Canadian Businesses Are Going Broke At An Unusually Fast Rate Due To Inflation

Canadian Businesses Are Going Broke At An Unusually Fast Rate Due To Inflation

Canadian business insolvencies are back after being quiet over the past few years. Data from the Office of the Superintendent of Bankruptcy Canada (OSB) shows business insolvencies jumped in Q1 2022. High inflation and withdrawal of support drove filings back to early 2020 levels. Experts see this as the beginning of a bigger trend, with higher rates expected to add more pressure.

Canadian Business Insolvencies Are Up 33.8% From Record Lows

Canadian business insolvencies are approaching early 2020-levels after a surge last quarter. The OSB reported 807 insolvency filings in Q1 2022, up 10.1% from the previous quarter and 33.8% higher than last year. There is a base effect making the annual growth sound a lot worse than it is. However, this is still very rapid growth which can be worse than just normalization.

Canadian Business Insolvencies

The number of insolvency filings made by businesses across Canada.

Source: CREA; Better Dwelling.

Eliminating any sort of seasonal change, the rolling sum over the past 12-months is rising too. Businesses filed 2,648 insolvencies in the 12-months ending March 2022. This was an increase of 7.1% when compared to the same period last year. It’s not just a seasonal skew.

Canadian Businesses Hit By Inflation, Withdrawal of Gov Support

The first thing that probably comes to mind is, “those darn rate hikes!” March is the last month in the first quarter, so businesses had only faced a minor rate hike at that time. Insolvency experts attribute the issue to high inflation and withdrawal of government support. High inflation is even crushing the bottom line at big companies. As for government support, Q1 2022 is the first quarter many businesses had the training wheels taken off. It appears it’s not going well for some.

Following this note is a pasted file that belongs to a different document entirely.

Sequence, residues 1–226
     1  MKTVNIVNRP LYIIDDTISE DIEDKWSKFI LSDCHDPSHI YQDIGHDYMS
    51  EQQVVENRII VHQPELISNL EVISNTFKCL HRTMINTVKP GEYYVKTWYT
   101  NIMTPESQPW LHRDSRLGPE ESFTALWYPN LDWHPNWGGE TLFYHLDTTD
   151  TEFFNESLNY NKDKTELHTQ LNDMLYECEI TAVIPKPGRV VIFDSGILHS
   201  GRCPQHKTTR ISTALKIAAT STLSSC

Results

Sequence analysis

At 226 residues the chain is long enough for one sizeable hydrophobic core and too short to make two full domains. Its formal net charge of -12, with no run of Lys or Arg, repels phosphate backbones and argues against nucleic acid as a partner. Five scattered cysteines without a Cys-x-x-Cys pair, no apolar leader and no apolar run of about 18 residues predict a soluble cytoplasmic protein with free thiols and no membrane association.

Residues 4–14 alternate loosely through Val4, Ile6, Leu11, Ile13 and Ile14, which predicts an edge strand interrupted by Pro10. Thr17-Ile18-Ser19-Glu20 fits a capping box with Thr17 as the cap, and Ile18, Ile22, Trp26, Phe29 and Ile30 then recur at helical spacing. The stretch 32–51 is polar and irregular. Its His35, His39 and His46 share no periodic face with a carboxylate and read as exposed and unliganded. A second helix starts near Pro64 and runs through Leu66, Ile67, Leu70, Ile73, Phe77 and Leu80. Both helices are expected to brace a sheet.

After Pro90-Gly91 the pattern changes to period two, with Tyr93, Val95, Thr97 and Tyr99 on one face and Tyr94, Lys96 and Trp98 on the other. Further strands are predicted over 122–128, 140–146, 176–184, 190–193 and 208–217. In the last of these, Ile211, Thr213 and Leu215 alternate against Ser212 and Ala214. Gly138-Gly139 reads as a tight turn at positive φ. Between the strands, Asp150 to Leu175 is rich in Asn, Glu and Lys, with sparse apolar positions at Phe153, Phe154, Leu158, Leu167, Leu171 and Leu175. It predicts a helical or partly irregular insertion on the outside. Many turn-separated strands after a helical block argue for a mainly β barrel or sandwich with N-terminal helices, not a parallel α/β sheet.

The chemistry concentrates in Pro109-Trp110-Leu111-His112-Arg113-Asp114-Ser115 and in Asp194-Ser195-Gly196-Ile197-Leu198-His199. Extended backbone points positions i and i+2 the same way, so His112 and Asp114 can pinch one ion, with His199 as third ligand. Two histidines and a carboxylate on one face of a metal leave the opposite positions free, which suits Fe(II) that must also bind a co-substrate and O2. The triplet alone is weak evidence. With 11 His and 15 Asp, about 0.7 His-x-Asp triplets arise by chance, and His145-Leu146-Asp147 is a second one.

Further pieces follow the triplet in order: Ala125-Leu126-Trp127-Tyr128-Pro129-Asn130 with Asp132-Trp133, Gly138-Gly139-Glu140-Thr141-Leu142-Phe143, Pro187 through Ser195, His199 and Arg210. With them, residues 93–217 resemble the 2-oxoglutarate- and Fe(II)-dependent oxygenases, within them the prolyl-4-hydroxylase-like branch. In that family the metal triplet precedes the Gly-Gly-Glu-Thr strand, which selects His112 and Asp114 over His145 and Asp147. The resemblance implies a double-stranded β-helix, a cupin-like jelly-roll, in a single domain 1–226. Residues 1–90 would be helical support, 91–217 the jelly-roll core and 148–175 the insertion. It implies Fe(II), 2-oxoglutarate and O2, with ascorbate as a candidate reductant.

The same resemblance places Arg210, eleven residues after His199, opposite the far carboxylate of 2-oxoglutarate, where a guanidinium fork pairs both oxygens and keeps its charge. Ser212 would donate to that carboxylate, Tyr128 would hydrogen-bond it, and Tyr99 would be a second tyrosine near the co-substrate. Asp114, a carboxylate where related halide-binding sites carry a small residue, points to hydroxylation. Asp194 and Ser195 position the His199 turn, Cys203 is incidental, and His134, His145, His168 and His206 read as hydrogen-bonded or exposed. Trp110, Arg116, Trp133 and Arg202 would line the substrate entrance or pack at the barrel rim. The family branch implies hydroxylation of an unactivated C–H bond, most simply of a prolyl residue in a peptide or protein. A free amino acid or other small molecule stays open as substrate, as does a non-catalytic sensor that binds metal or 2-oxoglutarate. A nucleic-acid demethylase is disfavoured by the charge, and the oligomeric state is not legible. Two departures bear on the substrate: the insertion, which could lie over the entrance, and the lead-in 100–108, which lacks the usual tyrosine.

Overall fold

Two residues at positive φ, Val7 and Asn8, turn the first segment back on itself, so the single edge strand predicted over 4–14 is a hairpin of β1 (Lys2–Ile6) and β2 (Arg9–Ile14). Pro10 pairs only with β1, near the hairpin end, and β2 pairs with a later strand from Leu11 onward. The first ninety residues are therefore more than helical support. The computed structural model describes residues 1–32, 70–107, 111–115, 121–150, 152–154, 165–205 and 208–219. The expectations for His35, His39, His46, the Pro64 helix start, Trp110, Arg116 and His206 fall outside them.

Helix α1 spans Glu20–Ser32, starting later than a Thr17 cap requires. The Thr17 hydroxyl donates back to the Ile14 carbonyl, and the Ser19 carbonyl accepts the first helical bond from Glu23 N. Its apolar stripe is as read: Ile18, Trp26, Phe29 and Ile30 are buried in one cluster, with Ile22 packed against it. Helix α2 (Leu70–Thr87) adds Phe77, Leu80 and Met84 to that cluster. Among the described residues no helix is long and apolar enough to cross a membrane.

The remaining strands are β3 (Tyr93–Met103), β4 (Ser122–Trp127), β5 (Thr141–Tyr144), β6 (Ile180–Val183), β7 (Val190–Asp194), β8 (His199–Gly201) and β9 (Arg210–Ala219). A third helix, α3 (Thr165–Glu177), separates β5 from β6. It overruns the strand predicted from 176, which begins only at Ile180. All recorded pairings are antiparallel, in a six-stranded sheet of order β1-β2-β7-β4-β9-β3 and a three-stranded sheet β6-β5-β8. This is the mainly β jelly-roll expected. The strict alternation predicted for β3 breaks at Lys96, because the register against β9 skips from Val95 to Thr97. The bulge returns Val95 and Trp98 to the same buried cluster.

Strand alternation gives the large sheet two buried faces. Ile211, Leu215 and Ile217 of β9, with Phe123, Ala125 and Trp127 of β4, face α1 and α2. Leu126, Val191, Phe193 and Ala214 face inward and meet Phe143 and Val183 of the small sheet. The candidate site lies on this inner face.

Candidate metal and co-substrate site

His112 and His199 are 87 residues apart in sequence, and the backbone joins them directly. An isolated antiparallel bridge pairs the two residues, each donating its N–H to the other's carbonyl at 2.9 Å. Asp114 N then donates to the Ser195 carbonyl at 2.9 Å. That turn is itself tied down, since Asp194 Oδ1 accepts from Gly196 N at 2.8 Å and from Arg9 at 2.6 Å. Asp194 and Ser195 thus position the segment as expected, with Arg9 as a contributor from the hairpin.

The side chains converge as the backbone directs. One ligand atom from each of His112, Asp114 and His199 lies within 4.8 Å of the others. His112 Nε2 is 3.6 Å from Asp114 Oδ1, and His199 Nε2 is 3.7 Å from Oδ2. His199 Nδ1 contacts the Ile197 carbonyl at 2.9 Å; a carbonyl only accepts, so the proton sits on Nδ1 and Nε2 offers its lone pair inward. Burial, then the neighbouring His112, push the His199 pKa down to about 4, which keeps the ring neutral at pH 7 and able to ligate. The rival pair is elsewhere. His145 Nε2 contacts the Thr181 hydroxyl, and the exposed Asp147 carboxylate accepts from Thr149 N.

Business insolvencies are approaching typical levels, but they’re expected to rise further. “The number of businesses becoming bankrupt or filing proposals is growing and likely to worsen under the stress of inflation and as the cracks begin to show following the withdrawal of pandemic-related government support,” says Jean-Daniel Breton, Chair of CAIRP, an organization representing insolvency professionals.

Businesses haven’t escaped higher interest rates either. That problem just hasn’t materialized yet. “With inflation now at a 30-year high and the Bank of Canada looking to correct with several interest rate increases this year, it stands to reason that we could see even further surges in the rate of business insolvencies,” says Breton. 

Segments like real estate are showing stress at almost half the pre-2020 interest rate. The environment isn’t exactly punitive, but highly indebted consumers don’t have much cash.

Insolvencies Only Capture A Small Share of Struggling Businesses

Insolvencies tend to paint a better picture than reality for Canadian businesses. We only have January 2022 business closure data, but 34,574 businesses closed that month. That’s significantly higher than the number of insolvencies.

Not every business that closes results in an insolvency filing. Some businesses wind down in a more orderly fashion, but many shift the shuttered business debt into a personal liability. Those liabilities can add up to a completely different problem later.

“Small business owners often overlook formal steps that can be taken to wind down the business. Simply walking away from the business instead of seeking counsel from a Licensed Insolvency Trustee eliminates any opportunity to restructure the business into a growing concern or if that cannot be achieved, to optimize the recovery for creditors and employees,” he explained. 

Canadian businesses are getting hit from all sides — inflation, real estate, and rising rates. The recent surge can just be a normalization of filings, but the growth is substantial and sudden. Filings are just approaching historic levels, but doing so at a rate that may blow past those numbers. It’s worth keeping an eye on this to see if it’s normalization or something worse.